HCIT Insights from Starbucks?
Yesterday, I stopped at one of half a dozen neighborhood Starbucks within five miles of my home. Note that Starbucks has solved for convenience, or in healthcare parlance, access. There were two new programs the company rolled out that day. One, free WiFi (previously it was available for a fee); and two, calorie information next to price information … everywhere. On the menu, in the display case and, as in the past, on a printed flyer.
Hmmm. Raspberry Scone for 500 calories, or Vanilla mini-Scone for 140? (see comment graphic below for the data.) Both were a couple of bucks. Incidentally, I was planning on no scones when I entered the store, so this information actually raised my ticket price from the iced coffee I had planned.
Fast forward to healthcare, HCIT, and healthcare reform, with community-rating, individual mandates and heighten cost awareness and consumer decision making futures. Doctors and patients may not need calorie data, but they will need to know more than treatment costs. They'll need to know referral timing expectations for their specific treatment group, stratified by problem, allergy, and medication data assured by HITECH. We will be in a better position to label the scones of diagnosis and treatment. Who will provide that information to consumers? The Geissingers/Mayos/Hopkins? The independent community physicians? The health plan via a PHR service? Will we be buying more Raspberry Scones with our fat MSAs? These are some of the biggest strategic issues for providers and payers in our brave, new, post-HITECH world.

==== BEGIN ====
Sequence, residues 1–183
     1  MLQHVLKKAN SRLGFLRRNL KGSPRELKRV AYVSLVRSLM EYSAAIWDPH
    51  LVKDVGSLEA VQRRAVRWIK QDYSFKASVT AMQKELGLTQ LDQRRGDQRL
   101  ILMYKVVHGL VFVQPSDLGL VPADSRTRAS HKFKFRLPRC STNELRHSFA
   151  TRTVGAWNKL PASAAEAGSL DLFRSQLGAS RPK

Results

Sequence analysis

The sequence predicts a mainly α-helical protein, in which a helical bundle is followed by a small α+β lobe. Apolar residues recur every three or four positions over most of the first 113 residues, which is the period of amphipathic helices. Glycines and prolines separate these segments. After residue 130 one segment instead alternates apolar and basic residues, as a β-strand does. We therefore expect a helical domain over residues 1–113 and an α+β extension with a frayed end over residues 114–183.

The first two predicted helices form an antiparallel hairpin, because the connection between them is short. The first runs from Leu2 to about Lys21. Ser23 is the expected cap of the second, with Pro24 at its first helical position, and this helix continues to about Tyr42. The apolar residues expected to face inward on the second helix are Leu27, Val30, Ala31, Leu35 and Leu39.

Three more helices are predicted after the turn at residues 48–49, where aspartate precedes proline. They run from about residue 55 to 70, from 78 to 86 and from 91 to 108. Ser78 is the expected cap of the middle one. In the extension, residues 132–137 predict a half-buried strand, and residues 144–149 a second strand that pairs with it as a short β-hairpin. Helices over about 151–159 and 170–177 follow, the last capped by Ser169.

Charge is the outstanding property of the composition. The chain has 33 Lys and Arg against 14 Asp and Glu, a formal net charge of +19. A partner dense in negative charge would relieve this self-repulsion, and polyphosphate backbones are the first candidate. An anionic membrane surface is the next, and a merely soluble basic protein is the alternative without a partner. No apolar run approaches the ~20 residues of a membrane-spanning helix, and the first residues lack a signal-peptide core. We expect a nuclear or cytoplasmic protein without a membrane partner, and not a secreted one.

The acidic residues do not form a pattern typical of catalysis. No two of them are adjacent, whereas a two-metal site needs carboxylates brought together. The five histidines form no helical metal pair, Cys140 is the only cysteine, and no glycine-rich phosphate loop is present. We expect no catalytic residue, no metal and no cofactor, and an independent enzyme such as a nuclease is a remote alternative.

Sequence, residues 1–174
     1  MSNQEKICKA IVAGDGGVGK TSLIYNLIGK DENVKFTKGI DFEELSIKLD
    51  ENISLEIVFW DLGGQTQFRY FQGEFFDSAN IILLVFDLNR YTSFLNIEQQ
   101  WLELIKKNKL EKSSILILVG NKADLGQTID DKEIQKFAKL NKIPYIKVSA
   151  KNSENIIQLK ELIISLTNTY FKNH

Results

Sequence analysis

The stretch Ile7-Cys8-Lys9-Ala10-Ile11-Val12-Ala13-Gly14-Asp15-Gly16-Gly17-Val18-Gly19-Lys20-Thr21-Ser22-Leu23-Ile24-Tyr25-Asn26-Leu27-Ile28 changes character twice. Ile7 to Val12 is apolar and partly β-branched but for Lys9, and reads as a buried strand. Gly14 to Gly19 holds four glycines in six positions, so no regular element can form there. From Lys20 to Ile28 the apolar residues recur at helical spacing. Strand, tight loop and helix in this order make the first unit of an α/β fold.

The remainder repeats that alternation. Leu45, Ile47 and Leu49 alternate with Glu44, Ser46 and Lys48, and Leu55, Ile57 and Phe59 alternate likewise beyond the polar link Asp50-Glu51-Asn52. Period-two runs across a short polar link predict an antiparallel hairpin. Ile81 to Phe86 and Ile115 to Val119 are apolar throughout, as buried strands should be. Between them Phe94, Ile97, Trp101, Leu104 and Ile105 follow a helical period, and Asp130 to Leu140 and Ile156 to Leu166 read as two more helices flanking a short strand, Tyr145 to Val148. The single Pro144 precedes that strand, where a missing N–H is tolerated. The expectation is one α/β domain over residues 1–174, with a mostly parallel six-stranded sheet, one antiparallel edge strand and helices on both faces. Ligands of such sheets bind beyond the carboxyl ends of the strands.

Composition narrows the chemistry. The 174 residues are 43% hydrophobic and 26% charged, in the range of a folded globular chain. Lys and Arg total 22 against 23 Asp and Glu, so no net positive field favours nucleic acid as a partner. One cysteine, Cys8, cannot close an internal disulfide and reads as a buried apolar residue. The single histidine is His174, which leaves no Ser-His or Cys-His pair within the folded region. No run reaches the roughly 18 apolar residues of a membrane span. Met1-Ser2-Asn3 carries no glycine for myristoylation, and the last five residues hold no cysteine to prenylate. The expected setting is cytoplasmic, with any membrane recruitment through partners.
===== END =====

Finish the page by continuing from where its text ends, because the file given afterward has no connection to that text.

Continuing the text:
I went to that Starbucks after having my semi-annual teeth cleaning at my dentist. Upon check out, they told me that my payer would cover a quarter of my visit cost. That more than covered the coffee and the scone!